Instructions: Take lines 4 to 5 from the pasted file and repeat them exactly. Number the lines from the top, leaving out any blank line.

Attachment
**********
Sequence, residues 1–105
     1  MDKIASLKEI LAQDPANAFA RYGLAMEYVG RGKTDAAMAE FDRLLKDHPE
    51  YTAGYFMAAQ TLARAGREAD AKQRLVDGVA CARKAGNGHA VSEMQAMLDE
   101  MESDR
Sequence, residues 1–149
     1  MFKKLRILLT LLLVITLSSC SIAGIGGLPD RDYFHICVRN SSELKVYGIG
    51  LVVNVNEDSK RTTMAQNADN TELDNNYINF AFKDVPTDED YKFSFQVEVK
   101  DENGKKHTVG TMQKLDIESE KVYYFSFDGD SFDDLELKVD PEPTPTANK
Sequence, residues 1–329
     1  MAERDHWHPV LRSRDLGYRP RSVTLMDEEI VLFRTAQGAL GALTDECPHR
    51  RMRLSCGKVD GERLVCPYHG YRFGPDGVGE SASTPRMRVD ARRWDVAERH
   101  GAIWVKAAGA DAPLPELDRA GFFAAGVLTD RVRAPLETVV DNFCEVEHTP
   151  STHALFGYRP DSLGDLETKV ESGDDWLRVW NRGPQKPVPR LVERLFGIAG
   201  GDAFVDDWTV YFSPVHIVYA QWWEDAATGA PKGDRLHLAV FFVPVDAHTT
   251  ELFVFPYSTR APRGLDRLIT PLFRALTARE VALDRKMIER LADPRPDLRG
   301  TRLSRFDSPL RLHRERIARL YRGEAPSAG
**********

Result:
   101  MESDR
Sequence, residues 1–149